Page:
Jack Bogle's Words of Wisdom:“Does this (three fund) portfolio seem overly simplistic, even amateurish? Get over it. Over the next few decades, the overwhelming majority of all professional investors will not be able to beat it.”
"Simplicity is the master key to financial success." -- Jack Bogle

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Re: Annual Tracking Spreadsheet Review?

Post by nguy44 » Sat Jan 04, 2020 10:38 pm

I have used Quicken for close to 25 years to track spending and investments (will re-evaluate as I move closer to being forced to get a subscription, but that is a topic in another thread which I am following).

I supplement this with spreadsheets that use the date from Quicken and other sources for more detailed calculations and forecasting:
- Retirement plan (income, SS, cash flow, Roth conversions)
- 401K historical contributions and gains
- Yearly net worth and expense detailed category calculations

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Re: Annual Tracking Spreadsheet Review?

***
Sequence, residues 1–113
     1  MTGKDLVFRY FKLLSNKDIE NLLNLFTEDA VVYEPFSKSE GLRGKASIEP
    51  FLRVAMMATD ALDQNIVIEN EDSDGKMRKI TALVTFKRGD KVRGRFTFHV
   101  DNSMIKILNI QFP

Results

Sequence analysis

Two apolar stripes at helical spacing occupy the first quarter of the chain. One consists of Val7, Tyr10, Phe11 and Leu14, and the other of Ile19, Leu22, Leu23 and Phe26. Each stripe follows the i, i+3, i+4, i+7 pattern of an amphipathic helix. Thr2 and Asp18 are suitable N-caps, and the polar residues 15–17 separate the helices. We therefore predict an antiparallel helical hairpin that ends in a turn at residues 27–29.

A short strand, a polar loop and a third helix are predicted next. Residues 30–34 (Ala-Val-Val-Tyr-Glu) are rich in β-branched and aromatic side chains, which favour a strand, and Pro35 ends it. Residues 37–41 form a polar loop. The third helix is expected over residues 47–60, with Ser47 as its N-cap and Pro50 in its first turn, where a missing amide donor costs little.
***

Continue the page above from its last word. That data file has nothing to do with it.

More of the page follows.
Post by abuss368 » Sun Jan 05, 2020 9:56 am

Taylor Larimore wrote:
Sat Jan 04, 2020 9:26 pm
celia wrote:
Sat Jan 04, 2020 4:26 pm
Taylor Larimore wrote:
Thu Jan 02, 2020 8:24 pm
I do not bother tracking my finances on a spreadsheet. My two mutual funds (S&P 500 Index and Total Bond Market) are with Vanguard. Vanguard's annual statement, plus my bank statements, provide more information than I need.
Taylor, This looks like you only have one checking account and one brokerage account. Don’t you have IRAs, 401Ks, and an HSA? Or maybe I should ask how many pages your Vanguard statement is (with multiple accounts possible).
Celia:

I do not have a brokerage account or a 401K or HSA. Only an IRA and taxable account. Last year I received a I6-page IRA statement. My Total Market Stock Index Fund is in my new taxable trust account statement. I'm not sure if I will get the 2019 trust statement or if it goes only to my trustee. I concentrate on my year-end balances and how they compare with last year. If reasonable, I move on with my personal life (much of it spent here).